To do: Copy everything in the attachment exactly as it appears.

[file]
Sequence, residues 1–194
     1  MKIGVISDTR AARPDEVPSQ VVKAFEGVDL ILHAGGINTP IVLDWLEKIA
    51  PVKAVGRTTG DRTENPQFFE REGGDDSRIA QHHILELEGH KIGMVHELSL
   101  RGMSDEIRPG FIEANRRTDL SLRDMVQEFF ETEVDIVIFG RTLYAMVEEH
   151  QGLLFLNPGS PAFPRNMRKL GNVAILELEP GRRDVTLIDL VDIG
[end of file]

Sequence, residues 1–194
     1  MKIGVISDTR AARPDEVPSQ VVKAFEGVDL ILHAGGINTP IVLDWLEKIA
    51  PVKAVGRTTG DRTENPQFFE REGGDDSRIA QHHILELEGH KIGMVHELSL
   101  RGMSDEIRPG FIEANRRTDL SLRDMVQEFF ETEVDIVIFG RTLYAMVEEH
   151  QGLLFLNPGS PAFPRNMRKL GNVAILELEP GRRDVTLIDL VDIG